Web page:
Chapter 13 Bankruptcy
In a Chapter 13 bankruptcy case, an individual with regular income repays all, or a portion of his or her debts over a three-to-five-year period through a monthly payment plan approved by the Bankruptcy Court. For that reason, a Chapter 13 bankruptcy case is sometimes referred to as a “wage-earner plan.” Also, many sole proprietors file Chapter 13 bankruptcy plans to restructure how their debts are repaid. The Chapter 13 Bankruptcy Trustee does not take possession of non-exempt assets, but supervises the case and administers the payments to creditors under the Chapter 13 bankruptcy plan. In exchange for these payments, you can keep property you have, which a trustee would sell from under you in chapter 7 bankruptcy. So in chapter 13 bankruptcies, you can:
- Save your house
- Keep your car
- Keep your property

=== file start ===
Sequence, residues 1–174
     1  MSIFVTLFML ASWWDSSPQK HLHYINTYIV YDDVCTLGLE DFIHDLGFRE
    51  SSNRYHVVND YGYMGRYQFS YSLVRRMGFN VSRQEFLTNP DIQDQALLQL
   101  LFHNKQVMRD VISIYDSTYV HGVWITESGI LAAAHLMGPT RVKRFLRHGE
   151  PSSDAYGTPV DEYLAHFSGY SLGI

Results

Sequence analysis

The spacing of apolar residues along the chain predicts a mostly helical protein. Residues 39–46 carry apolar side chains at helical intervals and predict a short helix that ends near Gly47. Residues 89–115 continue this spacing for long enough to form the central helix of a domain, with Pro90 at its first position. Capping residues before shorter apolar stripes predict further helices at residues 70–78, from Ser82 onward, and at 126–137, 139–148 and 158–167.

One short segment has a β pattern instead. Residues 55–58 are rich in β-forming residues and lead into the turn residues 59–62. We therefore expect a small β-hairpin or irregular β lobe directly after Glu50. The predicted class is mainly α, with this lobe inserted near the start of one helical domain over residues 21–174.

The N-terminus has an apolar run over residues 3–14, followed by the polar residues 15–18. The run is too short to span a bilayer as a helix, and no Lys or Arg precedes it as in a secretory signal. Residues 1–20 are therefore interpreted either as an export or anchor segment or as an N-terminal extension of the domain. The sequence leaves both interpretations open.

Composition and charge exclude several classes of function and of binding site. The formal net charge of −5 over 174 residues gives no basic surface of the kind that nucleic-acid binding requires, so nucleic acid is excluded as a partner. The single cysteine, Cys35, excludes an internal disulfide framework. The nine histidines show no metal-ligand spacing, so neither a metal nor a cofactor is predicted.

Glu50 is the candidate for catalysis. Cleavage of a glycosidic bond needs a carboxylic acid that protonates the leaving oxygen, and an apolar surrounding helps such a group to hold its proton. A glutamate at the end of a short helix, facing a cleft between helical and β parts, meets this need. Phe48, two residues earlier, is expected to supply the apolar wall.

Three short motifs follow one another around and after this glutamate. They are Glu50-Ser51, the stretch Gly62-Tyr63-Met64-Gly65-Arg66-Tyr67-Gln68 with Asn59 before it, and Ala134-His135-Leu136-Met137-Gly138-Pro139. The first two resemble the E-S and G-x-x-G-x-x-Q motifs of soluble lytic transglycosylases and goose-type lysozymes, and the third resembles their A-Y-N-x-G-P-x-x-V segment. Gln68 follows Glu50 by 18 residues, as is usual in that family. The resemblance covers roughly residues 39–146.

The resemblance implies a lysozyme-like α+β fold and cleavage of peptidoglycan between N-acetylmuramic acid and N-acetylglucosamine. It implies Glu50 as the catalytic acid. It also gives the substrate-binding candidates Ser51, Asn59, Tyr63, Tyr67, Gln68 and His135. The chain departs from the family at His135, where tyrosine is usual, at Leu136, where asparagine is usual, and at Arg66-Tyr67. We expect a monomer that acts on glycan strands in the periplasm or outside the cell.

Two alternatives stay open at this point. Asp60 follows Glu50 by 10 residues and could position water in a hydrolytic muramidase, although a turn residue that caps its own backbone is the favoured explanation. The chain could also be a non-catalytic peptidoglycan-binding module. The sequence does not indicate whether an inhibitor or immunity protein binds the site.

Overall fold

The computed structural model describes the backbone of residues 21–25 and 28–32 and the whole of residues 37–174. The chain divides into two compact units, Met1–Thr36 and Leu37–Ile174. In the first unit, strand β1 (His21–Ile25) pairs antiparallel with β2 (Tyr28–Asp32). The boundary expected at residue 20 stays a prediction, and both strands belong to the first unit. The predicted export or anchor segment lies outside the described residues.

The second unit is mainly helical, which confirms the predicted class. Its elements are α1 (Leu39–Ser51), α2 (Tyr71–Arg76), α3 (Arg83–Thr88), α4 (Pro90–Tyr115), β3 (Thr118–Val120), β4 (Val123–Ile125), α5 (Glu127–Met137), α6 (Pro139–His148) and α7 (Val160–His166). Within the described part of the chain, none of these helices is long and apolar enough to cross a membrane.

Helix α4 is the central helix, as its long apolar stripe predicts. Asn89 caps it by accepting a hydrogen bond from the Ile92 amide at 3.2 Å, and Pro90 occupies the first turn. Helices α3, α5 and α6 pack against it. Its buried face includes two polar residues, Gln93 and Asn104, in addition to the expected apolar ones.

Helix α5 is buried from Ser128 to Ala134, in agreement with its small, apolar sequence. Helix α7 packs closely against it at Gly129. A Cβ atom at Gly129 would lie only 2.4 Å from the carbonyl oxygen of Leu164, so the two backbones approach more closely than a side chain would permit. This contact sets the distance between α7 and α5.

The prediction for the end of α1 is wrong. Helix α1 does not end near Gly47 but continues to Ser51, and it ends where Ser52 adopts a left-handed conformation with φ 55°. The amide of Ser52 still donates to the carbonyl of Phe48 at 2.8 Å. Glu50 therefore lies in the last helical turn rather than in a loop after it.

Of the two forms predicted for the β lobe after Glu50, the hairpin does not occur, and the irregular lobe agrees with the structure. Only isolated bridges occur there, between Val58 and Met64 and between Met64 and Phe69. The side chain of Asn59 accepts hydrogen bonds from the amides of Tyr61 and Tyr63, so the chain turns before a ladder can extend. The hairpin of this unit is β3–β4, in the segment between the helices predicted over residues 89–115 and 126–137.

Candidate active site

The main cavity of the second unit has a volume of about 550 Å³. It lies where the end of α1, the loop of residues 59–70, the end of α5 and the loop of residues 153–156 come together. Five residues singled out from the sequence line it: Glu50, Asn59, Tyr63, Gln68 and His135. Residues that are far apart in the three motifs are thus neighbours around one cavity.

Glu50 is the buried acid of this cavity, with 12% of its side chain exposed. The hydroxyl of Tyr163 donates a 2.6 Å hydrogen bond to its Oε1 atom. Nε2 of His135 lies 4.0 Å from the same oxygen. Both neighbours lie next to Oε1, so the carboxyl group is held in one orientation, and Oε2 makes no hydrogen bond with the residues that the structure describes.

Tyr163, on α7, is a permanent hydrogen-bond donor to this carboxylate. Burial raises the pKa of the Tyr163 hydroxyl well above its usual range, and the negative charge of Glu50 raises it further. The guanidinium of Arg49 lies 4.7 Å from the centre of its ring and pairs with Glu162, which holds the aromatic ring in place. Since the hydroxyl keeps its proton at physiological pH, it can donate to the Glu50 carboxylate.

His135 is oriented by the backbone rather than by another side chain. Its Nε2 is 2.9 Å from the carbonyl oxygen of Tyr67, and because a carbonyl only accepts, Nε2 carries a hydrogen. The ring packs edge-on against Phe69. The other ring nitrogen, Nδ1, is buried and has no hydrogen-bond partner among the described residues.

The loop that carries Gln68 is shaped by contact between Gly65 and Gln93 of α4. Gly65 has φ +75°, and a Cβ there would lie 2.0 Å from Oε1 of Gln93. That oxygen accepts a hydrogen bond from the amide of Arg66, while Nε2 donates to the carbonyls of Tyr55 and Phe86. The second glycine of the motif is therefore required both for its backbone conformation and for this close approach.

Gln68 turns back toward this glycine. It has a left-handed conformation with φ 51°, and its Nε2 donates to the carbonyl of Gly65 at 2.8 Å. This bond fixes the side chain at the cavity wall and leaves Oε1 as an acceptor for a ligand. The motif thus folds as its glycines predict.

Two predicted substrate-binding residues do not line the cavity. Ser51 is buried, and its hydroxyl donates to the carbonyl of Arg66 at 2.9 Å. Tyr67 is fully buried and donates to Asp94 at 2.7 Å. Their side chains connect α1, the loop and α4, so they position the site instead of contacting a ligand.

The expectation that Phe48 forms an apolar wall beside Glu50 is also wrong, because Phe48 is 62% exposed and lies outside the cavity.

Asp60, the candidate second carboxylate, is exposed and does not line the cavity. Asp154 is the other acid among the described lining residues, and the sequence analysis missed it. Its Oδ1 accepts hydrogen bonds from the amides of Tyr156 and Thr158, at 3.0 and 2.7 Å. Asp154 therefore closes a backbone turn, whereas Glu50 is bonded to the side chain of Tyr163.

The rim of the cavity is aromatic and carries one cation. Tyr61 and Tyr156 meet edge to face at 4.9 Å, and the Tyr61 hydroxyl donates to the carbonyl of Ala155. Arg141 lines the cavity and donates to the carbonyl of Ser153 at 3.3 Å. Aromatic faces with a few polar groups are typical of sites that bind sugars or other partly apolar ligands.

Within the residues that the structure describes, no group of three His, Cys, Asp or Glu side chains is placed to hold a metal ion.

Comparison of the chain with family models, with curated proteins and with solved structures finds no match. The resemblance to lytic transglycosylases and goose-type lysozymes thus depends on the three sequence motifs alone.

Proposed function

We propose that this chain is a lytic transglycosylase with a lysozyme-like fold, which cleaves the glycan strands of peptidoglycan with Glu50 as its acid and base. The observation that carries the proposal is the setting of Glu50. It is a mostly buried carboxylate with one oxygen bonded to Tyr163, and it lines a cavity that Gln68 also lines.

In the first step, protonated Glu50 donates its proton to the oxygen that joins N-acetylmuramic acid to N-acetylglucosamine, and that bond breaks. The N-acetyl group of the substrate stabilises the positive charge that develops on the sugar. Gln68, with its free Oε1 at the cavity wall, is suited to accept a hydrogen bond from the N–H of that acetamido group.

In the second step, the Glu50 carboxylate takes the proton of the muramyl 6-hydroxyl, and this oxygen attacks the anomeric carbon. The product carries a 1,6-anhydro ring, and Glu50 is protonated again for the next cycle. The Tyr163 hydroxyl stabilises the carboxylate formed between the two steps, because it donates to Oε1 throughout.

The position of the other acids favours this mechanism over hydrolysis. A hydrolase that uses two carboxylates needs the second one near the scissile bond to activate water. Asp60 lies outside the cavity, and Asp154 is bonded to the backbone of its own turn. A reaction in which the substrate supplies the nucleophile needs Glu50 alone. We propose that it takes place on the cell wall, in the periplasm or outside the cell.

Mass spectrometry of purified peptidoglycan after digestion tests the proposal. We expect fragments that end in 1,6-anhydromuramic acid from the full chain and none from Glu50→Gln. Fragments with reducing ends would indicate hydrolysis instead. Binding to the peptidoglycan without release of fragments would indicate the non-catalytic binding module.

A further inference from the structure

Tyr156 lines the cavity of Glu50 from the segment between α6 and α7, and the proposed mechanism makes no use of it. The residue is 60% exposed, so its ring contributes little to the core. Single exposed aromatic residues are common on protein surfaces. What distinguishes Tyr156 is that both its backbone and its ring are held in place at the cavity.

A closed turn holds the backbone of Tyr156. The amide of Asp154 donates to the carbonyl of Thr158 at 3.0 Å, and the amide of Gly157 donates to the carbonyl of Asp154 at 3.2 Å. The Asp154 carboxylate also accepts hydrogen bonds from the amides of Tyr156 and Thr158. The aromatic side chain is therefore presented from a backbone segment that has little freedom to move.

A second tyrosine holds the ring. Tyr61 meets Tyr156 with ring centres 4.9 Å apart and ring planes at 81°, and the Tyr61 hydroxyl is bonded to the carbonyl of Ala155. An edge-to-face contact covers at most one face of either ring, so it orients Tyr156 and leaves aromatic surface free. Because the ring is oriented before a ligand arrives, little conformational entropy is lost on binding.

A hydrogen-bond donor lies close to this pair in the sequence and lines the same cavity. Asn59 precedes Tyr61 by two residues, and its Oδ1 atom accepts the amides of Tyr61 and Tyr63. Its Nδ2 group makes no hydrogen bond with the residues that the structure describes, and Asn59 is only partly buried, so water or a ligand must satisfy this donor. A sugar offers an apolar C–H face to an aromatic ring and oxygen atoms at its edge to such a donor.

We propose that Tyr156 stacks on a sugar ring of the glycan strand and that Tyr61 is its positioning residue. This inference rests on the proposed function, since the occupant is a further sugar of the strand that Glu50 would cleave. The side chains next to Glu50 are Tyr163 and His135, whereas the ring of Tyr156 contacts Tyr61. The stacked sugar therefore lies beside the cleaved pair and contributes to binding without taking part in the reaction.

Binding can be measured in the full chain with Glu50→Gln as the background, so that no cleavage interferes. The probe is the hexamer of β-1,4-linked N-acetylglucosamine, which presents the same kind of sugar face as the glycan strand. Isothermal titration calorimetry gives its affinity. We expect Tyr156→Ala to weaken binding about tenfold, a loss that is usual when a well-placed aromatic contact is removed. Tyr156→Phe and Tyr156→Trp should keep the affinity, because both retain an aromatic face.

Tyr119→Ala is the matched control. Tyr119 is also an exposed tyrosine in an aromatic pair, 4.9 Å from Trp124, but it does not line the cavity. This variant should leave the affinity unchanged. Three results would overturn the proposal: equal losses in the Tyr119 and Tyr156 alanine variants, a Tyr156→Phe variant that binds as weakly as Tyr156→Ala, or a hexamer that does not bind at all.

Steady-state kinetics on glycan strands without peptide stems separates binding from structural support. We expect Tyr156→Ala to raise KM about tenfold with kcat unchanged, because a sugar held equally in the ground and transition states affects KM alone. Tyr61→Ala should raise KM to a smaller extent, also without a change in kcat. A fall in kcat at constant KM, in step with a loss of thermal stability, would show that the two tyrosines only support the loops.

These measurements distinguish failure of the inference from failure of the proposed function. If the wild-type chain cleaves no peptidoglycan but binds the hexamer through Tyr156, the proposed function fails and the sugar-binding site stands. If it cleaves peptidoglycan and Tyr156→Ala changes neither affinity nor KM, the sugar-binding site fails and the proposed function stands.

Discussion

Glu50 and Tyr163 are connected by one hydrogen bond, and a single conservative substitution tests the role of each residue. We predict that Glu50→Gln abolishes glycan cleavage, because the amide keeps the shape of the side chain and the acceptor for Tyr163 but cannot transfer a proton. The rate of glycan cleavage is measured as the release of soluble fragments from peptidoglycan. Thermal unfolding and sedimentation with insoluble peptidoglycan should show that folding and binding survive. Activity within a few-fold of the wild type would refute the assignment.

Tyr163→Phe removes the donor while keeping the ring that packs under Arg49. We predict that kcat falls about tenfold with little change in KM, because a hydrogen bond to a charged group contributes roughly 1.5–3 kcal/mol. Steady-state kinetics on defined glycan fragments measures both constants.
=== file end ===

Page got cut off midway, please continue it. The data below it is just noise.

- Save your business
The amount of your plan payment and the length of your plan depends on a number of factors. One factor is how much disposable income you have left over every month after you pay your living expenses. A second factor is how much you are behind on your secured debts (e.g., mortgage, car payment, etc.)
The most common reasons for consumer bankruptcy claims are (a) loss of a job or long-term layoffs; (b) loss of overtime hours; (c) lengthy illnesses and large medical expenses; (d) death or disability of a spouse; (e) separation, divorce and marital problems; (f) seriously over-extended credit; and (g) large unexpected expenses.
Does a Chapter 13 bankruptcy sound like something you’re interested in? Call us today to learn more.
Mortgage paperwork mess: Next housing shock?
(CBS News) If there was a question about whether we’re headed for a second housing shock, that was settled last week with news that home prices have fallen a sixth consecutive month. Values are nearly back to levels of the Great Recession. One thing weighing on the economy is the huge number of foreclosed houses.